4 Stars

“Human Capital” A morally complex and intriguing story

February 7th, 2020 Posted by Review 0 thoughts on ““Human Capital” A morally complex and intriguing story”

Stephen Amidon’s novel has been recreated once again for the silver screen, but for American audiences this time. Initially an Italian film, it depicts the destinies of two families from vastly different socioeconomic classes whose lives are irrevocably changed after a cyclist is hit and killed just before Christmas. The American version, rewritten by Oren Moverman, stars Liev Schreiber, Peter Sarsgaard, and Marisa Tomei, and creates a similar scenario where two families’ children and their underlying stories are intertwined on that fateful night of an innocent cyclist being killed in a hit and run accident.

The story is told from several different perspectives, Rashomon-style. We are introduced to Drew (Schreiber), a real estate agent and father as he drops off his teenage daughter, Shannon (Maya Hawke). It’s obvious from the beginning who the have’s and the have not’s are in this scenario and Drew’s unrefined interactions with Jamie’s (Fred Hechinger) parents, Carrie (Tomei) and Quint (Sarsgaard). This sets the foundation for the ensuing tensions and poor decision making that put all the pieces into place and drive the story forward.

As part of the 99%, Drew thinks he has hat the jackpot and asks Quint to get in on his action–hedge funds. Leveraging every cent and item he has, the game has begun, but this is a big boy’s game and Drew isn’t ready. Needless to say, life devolves, spiraling out of control for him. Later that evening, after both families have gathered at a school event, the accident takes place. Each and every character may have done it, and they all have their own version of what happened that night.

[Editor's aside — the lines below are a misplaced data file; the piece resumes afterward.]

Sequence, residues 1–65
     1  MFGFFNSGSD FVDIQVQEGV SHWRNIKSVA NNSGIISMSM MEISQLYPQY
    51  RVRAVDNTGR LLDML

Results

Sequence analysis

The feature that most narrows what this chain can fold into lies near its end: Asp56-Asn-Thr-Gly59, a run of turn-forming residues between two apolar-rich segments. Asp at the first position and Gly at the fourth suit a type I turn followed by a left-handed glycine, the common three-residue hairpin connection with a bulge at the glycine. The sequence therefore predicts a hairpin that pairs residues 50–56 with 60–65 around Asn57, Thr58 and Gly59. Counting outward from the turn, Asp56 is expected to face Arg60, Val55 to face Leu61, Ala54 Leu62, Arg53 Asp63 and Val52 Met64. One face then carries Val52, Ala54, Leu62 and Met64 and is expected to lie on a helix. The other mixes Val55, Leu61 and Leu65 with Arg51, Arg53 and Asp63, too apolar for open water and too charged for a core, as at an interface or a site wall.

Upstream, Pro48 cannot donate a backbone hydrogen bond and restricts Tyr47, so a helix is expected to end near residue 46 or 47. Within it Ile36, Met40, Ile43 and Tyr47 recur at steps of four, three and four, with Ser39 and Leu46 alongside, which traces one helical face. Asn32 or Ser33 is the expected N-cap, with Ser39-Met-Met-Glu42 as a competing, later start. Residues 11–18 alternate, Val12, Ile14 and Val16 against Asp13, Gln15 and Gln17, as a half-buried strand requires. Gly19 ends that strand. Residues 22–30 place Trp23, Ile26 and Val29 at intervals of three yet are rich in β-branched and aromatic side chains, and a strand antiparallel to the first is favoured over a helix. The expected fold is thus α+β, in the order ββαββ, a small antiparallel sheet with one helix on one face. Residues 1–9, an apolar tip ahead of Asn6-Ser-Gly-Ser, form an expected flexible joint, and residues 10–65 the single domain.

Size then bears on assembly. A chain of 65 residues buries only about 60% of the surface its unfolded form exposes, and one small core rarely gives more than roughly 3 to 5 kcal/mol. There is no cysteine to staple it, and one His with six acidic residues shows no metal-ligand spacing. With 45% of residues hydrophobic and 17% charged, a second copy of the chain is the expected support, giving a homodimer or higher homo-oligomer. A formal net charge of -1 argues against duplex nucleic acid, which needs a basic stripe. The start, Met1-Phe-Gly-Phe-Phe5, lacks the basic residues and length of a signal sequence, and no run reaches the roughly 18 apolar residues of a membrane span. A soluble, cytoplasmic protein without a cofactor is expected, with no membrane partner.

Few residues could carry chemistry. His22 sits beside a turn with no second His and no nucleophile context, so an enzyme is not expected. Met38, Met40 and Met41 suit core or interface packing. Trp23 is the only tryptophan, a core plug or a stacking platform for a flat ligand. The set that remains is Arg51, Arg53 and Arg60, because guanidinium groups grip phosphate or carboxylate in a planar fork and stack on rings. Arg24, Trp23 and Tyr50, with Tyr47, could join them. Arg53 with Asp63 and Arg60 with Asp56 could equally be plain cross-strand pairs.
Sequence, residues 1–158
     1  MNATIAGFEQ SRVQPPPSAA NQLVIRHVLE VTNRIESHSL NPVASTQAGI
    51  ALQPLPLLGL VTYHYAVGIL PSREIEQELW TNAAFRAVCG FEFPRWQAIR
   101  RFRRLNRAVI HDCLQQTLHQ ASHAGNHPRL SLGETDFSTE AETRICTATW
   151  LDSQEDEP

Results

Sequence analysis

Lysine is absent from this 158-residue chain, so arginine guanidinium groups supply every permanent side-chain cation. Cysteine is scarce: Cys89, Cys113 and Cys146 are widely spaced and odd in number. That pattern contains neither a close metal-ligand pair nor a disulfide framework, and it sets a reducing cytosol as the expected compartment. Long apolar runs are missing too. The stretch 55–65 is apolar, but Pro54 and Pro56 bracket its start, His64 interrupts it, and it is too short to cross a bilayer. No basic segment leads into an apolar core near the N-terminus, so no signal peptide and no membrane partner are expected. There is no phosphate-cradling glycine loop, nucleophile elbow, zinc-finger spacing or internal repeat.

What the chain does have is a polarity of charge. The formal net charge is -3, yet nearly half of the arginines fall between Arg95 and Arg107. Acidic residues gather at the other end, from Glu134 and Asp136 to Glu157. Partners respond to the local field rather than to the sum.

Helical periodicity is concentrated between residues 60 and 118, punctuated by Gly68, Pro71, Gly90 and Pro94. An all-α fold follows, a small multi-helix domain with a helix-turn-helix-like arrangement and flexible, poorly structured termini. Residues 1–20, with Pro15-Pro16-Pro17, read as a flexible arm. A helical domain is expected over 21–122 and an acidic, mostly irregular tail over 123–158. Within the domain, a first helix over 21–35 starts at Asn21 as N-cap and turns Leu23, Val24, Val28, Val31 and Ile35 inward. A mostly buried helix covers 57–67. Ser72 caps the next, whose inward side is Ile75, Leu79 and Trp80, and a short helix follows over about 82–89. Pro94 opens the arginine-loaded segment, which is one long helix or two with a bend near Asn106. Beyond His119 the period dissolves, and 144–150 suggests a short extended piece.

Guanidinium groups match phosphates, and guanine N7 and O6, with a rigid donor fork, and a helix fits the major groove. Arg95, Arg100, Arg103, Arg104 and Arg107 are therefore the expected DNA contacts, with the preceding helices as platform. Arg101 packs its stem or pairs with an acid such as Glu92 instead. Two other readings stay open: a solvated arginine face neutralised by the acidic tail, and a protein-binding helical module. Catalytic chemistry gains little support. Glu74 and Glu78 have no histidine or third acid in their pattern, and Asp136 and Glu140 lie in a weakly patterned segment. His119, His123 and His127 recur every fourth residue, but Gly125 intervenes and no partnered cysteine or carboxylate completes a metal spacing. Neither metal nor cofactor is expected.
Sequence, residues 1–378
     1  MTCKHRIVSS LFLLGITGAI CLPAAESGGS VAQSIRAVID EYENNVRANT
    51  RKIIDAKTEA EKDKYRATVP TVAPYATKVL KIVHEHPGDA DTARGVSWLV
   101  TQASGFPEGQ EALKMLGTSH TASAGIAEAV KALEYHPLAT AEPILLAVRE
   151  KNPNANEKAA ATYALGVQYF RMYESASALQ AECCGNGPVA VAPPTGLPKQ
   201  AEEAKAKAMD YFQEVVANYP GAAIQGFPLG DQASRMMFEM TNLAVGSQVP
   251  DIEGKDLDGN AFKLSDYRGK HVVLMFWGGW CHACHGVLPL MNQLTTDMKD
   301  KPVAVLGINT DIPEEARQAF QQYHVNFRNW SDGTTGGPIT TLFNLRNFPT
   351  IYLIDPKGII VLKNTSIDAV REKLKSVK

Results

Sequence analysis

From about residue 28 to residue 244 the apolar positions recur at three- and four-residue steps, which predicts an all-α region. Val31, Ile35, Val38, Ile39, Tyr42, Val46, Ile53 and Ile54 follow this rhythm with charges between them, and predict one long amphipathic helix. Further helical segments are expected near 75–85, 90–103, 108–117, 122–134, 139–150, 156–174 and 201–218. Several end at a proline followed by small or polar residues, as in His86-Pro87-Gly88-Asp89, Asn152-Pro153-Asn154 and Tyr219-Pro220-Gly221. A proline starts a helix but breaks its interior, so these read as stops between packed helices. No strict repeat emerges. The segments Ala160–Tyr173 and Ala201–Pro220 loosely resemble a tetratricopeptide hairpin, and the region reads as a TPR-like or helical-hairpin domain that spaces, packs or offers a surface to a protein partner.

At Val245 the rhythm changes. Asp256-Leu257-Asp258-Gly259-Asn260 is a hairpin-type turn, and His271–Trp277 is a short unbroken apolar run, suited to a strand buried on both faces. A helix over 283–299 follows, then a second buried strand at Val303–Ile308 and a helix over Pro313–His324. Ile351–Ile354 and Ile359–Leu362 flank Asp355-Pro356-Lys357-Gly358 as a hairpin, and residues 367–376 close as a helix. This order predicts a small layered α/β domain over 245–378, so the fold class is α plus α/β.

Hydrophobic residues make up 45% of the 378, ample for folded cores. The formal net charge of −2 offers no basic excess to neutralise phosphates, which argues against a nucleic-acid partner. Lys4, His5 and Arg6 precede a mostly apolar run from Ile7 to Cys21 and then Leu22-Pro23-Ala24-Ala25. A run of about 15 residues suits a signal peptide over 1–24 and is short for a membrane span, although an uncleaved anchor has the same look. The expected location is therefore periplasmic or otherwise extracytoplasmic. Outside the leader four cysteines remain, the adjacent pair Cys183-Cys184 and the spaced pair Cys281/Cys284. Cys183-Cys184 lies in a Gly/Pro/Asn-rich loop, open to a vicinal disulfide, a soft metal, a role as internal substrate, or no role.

From this point, we get Carrie’s, Quint’s, Shannon’s and Jamie’s perspective of what happened over the course of the previous 24 hours. Sharing all their inner-most thoughts and secrets, like a fly on the wall, we see the events of the fateful night unfold. Putting the pieces of the puzzle together is chilling, unearthing the depths to which humans will go to save themselves and/or their loved ones.

It’s an interesting cast, all playing pivotal roles and having their time to shine in the spotlight. Sarsgaard portrays a pompous, deleterious narcissist, who cherishes money more than his wife. Tomei, a side character for much of the film, has a few scenes that give us more depth to peel away the superficial layers of her character. She proves that money cannot buy happiness and her performance connects us with her, creating sympathy for her situation. Hawke and Alex Wolff, a troubled teen, bring us all back in time where we made those bad decisions in love. Their honest portrayal is simply engaging with a storyline that could be in any town, highlighting the social issues that plague our current day. Schrieber’s former character of “Ray Donovan” is difficult to shake as his character of Drew is the antithesis of Ray. Initially awkward, Schrieber eventually finds the right tone and I’m able to see him as a man-child who is impulsive and not the brightest bulb in the box. This is a stretch for him and always walking a tightrope of authenticity.

This version of “Human Capital” takes us along a little different path, but the results are the same–it’s fight or flight as our autonomic nervous system kicks in. This engaging film, filled with social issues and consequences, is at once thought-provoking as we are challenged intellectually and emotionally. Ultimately, we place ourselves in each of the roles, predicting our own responses and when a film can do that, it’s worth seeing.

3/4 Stars

“The Gentlemen” is pure fun

January 30th, 2020 Posted by Review 0 thoughts on ““The Gentlemen” is pure fun”

We start this tall tale, “The Gentlemen,” with a “pint and a pickled egg” and the strange word combinations, analogies and euphemisms continue throughout this sly action crime thriller written and directed by Guy Ritchie. With his signature style splashed lovingly throughout the film, like the blood that splatters across a table after a hit, Ritchie creates a complicated, sometimes convoluted but necessarily so, storyline that keeps you on your toes and even if you think you’ve guessed the ending, you’ll be blown away by how you got there.